Senator John McCain’s funeral is one of those public, universal events of history I will always remember.
Just as, when I was a child, I remember watching JFK’s. The way I remember the moment I learned of the deaths of MLK and RFK. Of Reagan being shot. The Challenger exploding. The Twin Towers crumbling before my eyes.
All are historical, cultural and emotional touch points we commonly share. All have shaped us someway in how we feel about either our country, ourselves, or both.
McCain’s funeral made me yearn for the functioning of the U.S. government in a way I don’t know we ever will again.
Not that we haven’t always been a country with great divides. But the bigger ideals on which we agreed managed to transcend them, even following a brutal, bloody civil war.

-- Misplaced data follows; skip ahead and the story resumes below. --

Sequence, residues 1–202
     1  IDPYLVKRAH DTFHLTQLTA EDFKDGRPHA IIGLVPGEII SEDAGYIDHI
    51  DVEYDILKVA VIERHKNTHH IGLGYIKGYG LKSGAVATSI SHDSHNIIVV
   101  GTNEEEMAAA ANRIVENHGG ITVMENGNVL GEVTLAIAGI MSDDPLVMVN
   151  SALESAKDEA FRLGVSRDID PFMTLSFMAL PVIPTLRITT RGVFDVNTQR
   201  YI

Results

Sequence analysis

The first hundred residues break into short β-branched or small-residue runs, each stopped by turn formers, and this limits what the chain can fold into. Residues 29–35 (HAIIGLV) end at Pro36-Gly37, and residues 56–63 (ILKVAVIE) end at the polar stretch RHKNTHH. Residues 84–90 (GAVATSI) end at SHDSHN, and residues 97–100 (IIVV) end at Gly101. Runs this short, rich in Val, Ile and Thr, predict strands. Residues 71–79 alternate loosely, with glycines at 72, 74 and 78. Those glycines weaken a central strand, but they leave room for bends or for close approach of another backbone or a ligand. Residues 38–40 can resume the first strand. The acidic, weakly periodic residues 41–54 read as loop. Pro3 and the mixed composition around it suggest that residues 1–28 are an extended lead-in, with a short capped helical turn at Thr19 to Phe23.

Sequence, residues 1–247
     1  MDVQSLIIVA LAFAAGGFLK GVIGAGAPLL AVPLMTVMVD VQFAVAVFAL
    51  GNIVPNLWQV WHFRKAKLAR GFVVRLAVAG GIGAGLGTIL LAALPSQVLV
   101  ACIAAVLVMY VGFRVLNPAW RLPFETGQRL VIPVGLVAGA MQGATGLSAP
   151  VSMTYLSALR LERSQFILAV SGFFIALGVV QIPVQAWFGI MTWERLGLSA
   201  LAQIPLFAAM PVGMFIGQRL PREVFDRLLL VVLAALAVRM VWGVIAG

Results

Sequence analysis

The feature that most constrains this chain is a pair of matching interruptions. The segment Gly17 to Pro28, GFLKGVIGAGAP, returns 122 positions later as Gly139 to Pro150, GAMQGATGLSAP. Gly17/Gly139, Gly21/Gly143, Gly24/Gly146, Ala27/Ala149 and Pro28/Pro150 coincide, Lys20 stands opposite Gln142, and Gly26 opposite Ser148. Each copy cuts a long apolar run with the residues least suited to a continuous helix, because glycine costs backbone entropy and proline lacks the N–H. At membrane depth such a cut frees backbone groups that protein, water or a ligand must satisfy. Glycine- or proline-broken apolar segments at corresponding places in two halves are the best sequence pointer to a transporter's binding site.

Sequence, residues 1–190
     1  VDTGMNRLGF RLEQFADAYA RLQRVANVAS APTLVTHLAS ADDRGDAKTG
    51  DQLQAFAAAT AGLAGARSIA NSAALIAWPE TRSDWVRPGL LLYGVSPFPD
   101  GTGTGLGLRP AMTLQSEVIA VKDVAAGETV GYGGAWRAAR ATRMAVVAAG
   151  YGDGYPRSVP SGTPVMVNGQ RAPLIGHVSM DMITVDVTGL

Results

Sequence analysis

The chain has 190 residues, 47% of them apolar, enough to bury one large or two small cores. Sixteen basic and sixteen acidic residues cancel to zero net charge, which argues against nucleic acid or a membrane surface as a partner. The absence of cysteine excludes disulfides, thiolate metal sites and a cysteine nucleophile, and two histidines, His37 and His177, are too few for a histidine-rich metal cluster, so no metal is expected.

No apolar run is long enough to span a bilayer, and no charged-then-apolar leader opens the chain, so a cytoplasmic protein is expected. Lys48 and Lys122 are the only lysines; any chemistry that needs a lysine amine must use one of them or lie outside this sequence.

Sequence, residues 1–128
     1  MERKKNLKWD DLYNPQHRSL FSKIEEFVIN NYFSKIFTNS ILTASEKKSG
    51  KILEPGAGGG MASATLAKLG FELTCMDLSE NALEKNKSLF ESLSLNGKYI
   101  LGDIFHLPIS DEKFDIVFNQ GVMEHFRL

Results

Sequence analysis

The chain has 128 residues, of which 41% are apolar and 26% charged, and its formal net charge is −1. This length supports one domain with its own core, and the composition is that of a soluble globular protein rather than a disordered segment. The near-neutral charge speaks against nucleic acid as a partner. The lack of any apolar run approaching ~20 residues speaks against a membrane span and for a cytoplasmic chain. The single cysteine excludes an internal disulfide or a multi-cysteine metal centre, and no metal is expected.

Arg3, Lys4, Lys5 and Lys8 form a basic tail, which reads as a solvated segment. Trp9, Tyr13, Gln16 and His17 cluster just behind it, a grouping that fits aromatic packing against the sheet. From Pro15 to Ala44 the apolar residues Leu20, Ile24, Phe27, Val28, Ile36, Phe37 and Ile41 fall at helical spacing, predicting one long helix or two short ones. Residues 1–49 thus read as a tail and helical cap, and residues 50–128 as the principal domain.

As a country, we were all finally able to agree that slavery of other human beings was morally bankrupt; that women were people with agency and the right to enfranchisement; that when the entire economy crashes, we can develop public programs that return us to prosperity.
We were able to band together to fight an evil that exterminated six million people because they were Jewish and overcome an imperialism that wanted to bomb us into pieces. In that unison, we went forward to continue fighting for civil freedoms for all citizens, an end to segregation, the grant of equal voting rights, a race to the moon and more.
We have reached for the stars and seen farther into space than we ever dreamed. We have traced our DNA ladder in microscopic manner to come up with ingenious treatments for once fatal disease.
But we have also seen greed, far-flung war in places where perhaps we should not have been, recession, failed housing markets and retirement outcomes poorer than we expected. We still have homeless sleeping in our streets, and people trapped into paying for medical insurance that doesn’t begin to cover all of their need, especially in times of great ill-health.